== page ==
This week, we complete a genetic algorithm solution to our recent pet store problem:

You’re given $100 and told to spend it all purchasing exactly 100 animals at the pet store, buying at least one of each animal.  Dogs cost $15, cats cost $1, and mice are 25 cents each.  Finish implementing our genetic algorithm solution by doing the natural selection and termination.

Natural selection can be done simply by sorting the current population by fitness and taking the top N individuals, like so:

      * Compare fitness levels for sorting.
     public function compareFitness($purchase1, $purchase2) {
         if ($purchase1->getFitness() == $purchase2->getFitness())
             return 0;
         return ($purchase1->getFitness() > $purchase2->getFitness()) ? -1 : 1;
      * Select a subset of the given population for breeding a new generation.
      * Return this subset ordered by the most fit first.
     public static function select($population, $size) {
         usort($population, array('PetPurchase', 'compareFitness'));
         return array_slice($population, 0, $size);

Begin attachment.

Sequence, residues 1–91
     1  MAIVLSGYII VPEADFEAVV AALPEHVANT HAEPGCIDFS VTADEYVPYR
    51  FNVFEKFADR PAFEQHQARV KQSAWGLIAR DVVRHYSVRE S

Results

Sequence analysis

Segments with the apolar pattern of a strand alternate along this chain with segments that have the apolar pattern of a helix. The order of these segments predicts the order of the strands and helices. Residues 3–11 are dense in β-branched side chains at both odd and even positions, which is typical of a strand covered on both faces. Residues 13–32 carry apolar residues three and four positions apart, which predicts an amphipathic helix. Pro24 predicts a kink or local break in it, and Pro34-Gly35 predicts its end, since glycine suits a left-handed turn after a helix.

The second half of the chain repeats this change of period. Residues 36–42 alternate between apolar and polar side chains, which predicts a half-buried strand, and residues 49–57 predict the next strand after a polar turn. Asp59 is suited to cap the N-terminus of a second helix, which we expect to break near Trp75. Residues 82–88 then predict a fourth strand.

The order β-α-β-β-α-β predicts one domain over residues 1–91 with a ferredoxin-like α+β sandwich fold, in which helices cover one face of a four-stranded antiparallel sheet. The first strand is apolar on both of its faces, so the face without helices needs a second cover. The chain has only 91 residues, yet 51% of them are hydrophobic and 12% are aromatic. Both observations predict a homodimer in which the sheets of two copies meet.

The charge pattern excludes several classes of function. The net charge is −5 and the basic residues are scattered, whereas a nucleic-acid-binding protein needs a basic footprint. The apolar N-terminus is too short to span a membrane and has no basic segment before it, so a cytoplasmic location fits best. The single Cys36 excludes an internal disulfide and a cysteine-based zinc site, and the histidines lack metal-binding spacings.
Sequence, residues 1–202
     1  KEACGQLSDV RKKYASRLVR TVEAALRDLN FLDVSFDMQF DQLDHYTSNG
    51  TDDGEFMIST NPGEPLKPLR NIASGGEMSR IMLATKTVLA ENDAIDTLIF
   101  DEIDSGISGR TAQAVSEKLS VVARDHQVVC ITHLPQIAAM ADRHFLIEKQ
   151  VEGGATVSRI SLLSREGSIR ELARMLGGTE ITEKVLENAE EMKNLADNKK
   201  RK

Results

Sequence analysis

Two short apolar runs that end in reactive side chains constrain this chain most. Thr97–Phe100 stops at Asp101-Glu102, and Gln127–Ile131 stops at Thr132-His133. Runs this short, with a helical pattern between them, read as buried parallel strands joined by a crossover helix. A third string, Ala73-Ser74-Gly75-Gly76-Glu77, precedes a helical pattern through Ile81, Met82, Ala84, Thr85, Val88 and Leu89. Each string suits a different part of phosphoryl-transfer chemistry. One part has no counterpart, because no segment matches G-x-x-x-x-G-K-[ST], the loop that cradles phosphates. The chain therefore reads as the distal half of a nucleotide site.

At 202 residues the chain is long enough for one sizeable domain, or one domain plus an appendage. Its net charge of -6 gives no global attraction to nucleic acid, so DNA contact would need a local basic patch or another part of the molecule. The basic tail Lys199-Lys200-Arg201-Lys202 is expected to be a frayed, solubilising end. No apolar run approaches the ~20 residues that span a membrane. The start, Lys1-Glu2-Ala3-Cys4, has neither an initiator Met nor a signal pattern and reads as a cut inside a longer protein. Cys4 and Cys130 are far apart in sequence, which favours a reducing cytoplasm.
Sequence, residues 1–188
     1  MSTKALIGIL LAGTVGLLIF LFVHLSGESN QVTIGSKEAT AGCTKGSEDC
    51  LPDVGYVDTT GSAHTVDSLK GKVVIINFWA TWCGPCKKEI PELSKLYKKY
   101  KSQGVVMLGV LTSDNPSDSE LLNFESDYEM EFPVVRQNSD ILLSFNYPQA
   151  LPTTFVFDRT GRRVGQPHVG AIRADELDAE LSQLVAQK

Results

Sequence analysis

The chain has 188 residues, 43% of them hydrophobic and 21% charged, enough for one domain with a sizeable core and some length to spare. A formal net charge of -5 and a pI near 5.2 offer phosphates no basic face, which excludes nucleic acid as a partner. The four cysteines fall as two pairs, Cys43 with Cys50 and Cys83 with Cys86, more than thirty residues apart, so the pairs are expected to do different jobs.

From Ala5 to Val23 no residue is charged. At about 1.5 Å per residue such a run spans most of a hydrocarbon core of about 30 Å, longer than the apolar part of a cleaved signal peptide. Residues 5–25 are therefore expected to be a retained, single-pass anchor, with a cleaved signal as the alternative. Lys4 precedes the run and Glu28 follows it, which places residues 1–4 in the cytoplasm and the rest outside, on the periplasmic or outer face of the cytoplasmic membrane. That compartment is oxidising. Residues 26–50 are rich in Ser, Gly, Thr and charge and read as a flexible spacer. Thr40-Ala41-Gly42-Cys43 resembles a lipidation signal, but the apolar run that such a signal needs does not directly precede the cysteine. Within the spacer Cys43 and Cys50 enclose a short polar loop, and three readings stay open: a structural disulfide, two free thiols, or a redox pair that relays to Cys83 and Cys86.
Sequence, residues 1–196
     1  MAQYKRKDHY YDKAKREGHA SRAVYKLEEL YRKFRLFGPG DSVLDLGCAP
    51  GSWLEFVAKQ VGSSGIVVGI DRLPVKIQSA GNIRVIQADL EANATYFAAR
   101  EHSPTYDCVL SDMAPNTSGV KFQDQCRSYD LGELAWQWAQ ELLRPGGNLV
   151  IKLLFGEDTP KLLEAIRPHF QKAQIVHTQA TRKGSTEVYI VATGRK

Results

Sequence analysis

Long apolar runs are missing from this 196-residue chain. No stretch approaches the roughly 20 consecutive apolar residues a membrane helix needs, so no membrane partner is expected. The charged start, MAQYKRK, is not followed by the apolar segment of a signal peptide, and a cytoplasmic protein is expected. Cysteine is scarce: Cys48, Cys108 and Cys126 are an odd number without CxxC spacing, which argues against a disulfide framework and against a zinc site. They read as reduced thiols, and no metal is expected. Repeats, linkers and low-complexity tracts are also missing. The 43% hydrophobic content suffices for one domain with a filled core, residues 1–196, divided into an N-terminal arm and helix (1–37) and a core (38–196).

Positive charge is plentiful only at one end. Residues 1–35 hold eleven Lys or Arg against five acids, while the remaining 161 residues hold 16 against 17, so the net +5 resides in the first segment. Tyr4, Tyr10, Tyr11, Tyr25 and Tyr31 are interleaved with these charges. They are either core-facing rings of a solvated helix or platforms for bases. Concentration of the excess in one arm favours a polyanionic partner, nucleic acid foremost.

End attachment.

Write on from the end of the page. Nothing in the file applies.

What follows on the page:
And we terminate by breeding until we either find a perfect fit or hit a generation cap:

      * Find the most fit solution by breeding the given number of generations,
      * each with the specified population size.
      * Return an array with the most fit and the number of generations created.
     public static function findMostFit($generations, $populationSize) {
         $population = self::createPopulation($populationSize);
         $mostFit = new PetPurchase();
         for ($i=0; $i<$generations; $i++) {
             $population = self::select($population, $populationSize);
             if ($population[0]->getFitness() > $mostFit->getFitness())
                 $mostFit = $population[0];
             if ($mostFit->getFitness() == 100)